Ford Marshall plant dubbed worst deal of 2023
Taxpayers spent $1.7B; governor’s allies ran expensive smear campaign against dissenters
The center “exists to change the way Americans think and feel about economic development in their communities,” according to its website. In its new report, the center, which is led by former Mackinac Center staffer John Mozena, explains that the deal required a pledge of $1.7 billion from Michigan taxpayers, to be paid through direct cash giveaways and tax abatements.
But the center takes special aim at the aggressive and dishonest attempts by project backers to manufacture public consent and to scare off dissenters.
Residents who spoke out against the project were sent postcards showing their faces crossed out by red Xs, according to a Detroit Free Press report. Reporter Dave Boucher called the threats “part of a larger campaign to shout down opponents of” the project, funded by “dark money” tied to Gov. Gretchen Whitmer and the Democratic Party’s national apparatus.
“The reported use of political consultants to run a smear campaign against skeptical local residents set Michigan’s subsidies for Ford’s Marshall battery plant apart from all the other terrible corporate welfare deals across the country,” said Mozena in a statement accompanying the award announcement.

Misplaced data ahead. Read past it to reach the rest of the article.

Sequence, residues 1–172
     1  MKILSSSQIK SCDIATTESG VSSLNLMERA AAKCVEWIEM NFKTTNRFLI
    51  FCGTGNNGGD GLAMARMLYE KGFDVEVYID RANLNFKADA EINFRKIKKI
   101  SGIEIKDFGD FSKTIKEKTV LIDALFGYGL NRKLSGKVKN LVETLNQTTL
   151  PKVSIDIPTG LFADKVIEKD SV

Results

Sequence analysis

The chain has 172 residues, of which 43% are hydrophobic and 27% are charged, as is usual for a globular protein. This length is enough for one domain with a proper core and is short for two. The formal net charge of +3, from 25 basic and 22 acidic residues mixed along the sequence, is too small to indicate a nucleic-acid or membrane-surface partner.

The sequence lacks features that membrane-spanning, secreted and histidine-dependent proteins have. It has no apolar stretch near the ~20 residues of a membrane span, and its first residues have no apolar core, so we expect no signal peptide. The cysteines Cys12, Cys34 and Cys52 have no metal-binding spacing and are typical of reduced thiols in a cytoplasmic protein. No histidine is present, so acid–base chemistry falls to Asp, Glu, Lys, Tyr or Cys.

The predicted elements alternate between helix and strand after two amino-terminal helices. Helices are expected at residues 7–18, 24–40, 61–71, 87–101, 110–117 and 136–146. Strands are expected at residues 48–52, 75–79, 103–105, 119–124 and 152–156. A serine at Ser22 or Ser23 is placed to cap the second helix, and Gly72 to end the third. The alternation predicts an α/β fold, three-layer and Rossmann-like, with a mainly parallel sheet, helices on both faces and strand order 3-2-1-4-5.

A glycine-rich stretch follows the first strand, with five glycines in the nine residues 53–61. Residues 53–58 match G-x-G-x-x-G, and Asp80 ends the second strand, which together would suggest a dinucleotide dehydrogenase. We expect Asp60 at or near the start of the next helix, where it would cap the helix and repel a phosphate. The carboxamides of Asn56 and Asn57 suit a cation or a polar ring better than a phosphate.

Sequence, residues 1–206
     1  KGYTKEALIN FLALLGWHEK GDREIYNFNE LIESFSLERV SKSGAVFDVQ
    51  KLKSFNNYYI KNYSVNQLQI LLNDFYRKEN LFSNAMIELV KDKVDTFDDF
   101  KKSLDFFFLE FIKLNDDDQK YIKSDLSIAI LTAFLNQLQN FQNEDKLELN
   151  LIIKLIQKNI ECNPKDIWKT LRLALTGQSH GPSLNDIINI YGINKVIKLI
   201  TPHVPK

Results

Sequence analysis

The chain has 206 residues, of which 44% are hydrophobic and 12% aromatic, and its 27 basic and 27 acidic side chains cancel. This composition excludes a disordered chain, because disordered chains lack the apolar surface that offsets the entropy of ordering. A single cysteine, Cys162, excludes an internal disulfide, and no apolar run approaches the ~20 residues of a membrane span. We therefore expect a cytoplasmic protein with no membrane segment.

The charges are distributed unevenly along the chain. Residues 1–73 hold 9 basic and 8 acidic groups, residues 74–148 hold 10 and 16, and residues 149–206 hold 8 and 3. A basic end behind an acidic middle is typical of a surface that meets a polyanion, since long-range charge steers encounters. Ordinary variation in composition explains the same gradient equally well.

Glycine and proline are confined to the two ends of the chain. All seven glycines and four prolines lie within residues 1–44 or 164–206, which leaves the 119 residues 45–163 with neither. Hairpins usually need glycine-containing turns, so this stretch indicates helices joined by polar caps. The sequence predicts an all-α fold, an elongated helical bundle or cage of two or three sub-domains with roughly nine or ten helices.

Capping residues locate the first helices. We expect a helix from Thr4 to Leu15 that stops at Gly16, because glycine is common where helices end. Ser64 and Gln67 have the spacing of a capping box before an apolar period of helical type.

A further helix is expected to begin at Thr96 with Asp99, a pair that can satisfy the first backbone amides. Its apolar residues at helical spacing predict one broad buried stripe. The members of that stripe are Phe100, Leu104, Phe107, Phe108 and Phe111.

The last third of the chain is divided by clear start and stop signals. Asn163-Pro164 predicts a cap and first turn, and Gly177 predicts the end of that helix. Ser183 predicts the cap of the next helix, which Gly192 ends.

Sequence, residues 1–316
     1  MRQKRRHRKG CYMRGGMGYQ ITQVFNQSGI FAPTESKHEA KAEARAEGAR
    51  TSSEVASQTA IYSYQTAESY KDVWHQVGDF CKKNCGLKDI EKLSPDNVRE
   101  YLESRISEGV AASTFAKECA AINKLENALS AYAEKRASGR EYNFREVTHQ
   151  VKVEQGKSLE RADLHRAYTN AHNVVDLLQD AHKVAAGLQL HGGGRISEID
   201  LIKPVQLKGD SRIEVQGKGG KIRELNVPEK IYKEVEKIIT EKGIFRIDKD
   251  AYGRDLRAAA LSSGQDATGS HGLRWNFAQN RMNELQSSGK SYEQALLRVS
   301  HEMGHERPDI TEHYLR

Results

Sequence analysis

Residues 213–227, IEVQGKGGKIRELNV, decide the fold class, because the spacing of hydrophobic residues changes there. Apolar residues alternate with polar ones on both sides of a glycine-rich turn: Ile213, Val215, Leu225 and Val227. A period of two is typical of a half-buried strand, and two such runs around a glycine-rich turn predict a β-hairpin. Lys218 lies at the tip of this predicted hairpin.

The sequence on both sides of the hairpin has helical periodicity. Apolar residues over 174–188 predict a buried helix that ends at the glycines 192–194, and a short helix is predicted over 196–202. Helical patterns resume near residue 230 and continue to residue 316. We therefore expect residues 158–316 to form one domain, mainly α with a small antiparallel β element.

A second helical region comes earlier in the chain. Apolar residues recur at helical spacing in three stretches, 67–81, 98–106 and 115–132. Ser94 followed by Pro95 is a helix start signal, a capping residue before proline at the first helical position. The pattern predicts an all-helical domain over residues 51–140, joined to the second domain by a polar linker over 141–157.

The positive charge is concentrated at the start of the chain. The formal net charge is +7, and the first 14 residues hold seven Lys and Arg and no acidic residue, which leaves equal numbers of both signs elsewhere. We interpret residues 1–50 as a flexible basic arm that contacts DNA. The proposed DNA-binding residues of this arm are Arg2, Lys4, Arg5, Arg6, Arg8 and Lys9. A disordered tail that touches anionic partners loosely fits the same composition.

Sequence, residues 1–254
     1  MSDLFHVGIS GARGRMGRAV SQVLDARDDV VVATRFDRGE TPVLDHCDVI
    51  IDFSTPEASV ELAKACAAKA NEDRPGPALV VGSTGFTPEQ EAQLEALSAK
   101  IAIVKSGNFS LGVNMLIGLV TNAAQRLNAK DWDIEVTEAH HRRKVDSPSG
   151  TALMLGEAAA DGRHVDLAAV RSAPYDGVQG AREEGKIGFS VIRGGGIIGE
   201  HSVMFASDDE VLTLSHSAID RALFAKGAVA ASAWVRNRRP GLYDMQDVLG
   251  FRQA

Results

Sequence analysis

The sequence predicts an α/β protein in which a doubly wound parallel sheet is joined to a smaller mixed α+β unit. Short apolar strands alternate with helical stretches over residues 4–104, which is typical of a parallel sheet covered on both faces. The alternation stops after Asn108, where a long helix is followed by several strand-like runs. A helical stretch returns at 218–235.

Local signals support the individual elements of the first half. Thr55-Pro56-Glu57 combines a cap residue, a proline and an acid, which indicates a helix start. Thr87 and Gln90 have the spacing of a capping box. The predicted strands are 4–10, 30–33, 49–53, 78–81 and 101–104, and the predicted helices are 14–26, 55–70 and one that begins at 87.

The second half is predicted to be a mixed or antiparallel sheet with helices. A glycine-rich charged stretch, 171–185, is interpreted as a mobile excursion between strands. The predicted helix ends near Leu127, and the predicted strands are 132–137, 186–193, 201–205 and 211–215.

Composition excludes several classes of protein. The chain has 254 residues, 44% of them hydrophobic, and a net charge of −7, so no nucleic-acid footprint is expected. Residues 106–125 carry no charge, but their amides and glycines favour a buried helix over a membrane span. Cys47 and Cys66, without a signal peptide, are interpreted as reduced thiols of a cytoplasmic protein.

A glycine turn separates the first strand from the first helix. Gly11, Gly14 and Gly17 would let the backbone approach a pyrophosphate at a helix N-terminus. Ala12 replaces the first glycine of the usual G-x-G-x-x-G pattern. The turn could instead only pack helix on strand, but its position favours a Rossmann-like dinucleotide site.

“It’s one thing for politicians to use fuzzy math to throw massive amounts of public money at a giant corporation so they can take credit with voters for so-called ‘job creation’; we see that all the time,” Mozena added. “This award was nailed down for Michigan when a governor’s political cronies reportedly pushed out campaign-style mailers and robocalls against average, everyday people who dared to exercise their fundamental right to ask their elected officials for straight answers to questions that mattered to their community.”
In the end, the $3.5 billion project was put on pause during the UAW strike. After the strike ended, Ford announced a scaled-back version of the BlueOval Battery Park: a $2.2 billion investment, with 1,700 jobs to be created rather than 2,500.
State officials insist that state incentives for the project will roll back in commensurate fashion.
Michigan Capitol Confidential is the news source produced by the Mackinac Center for Public Policy. Michigan Capitol Confidential reports with a free-market news perspective.